Today I’ve spent some six hours with my Romanian friends, buying them a caravan. They used to sleep in a car. Northern Europe has seen a lot of Romanian economic refugees, due to the mistreatment if the Roma minority in the country. Romas (also known as the degrading name “gypsies”) are Europe’s most discriminated ethnic minority, especially in eastern Europe.
80% of Romanian Romas are unemployed, 30% can’t read, and their life expectancy is 10 years shorter than other Romanians. They’re trapped in poverty, not getting the social security they need, and then they migrate to other European countries to beg. Here, they lack homes, education and health care. It’s a mess.
I love them so much. Most of them are Pentecostal and we pray and worship together. I see Jesus in them. They are poorer than those I met when I was in Africa two years ago. I’m obliged to help them.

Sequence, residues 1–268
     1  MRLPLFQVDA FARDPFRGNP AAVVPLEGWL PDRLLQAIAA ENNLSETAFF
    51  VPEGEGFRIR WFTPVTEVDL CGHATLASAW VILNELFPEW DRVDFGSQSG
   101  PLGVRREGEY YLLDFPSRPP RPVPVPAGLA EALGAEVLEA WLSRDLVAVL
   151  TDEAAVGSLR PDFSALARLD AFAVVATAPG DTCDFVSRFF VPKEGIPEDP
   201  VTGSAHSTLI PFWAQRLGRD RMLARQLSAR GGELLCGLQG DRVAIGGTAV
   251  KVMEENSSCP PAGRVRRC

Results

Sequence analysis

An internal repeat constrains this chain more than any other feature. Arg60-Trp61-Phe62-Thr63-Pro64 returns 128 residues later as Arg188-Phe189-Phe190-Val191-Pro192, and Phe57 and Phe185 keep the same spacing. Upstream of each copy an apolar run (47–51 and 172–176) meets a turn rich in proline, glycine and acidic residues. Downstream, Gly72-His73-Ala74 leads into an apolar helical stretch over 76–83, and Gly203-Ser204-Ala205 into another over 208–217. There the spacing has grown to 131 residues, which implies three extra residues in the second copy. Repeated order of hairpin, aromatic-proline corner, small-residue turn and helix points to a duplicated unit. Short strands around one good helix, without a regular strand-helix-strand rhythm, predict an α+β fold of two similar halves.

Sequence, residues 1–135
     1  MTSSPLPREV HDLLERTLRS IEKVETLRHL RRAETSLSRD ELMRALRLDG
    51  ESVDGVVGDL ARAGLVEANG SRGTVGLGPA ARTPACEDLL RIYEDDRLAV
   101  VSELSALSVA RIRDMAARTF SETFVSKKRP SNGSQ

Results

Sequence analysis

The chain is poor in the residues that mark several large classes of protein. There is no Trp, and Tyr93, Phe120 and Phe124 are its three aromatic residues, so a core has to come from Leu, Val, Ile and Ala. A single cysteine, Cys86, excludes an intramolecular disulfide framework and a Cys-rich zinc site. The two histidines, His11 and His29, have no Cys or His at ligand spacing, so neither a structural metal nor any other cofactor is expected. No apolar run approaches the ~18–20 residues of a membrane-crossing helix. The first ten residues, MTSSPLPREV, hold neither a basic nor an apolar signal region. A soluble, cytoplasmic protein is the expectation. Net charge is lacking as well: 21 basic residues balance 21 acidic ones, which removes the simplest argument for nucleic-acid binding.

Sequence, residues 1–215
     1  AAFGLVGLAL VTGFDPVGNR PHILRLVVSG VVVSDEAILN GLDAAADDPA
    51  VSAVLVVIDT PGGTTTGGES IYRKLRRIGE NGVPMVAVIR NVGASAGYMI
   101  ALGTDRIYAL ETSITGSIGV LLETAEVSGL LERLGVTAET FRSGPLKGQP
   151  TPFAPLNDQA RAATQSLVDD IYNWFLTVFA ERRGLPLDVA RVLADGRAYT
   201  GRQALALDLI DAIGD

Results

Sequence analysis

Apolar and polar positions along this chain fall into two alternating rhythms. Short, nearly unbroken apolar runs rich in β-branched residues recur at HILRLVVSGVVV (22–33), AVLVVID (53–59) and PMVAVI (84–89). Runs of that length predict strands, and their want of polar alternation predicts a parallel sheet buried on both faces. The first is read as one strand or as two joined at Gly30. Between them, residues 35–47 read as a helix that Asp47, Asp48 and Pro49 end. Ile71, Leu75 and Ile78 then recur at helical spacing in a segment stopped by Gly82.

God wants equality. I know that I am destined to share community of goods with several of these people. I’ve identified a few families that could stay here in Sweden and build their lives here. Others have their future in Romania or another country. One woman I got to know here in Uppsala moved to Coventry, where I helped her to get in touch with the Jesus Army.
When I help the poor, they call me a saint. When I ask why people are poor, why we are rich and why children have to sleep in cold cars in one of the wealthiest countries in the world, they call me a communist and extremist. But it was my Master, Jesus, who said “blessed are you who are poor… But woe to you who are rich!” (Lk 6:20, 24). I’m following His footsteps. And He walks among, and in, the homeless Romanians on the streets of Europe.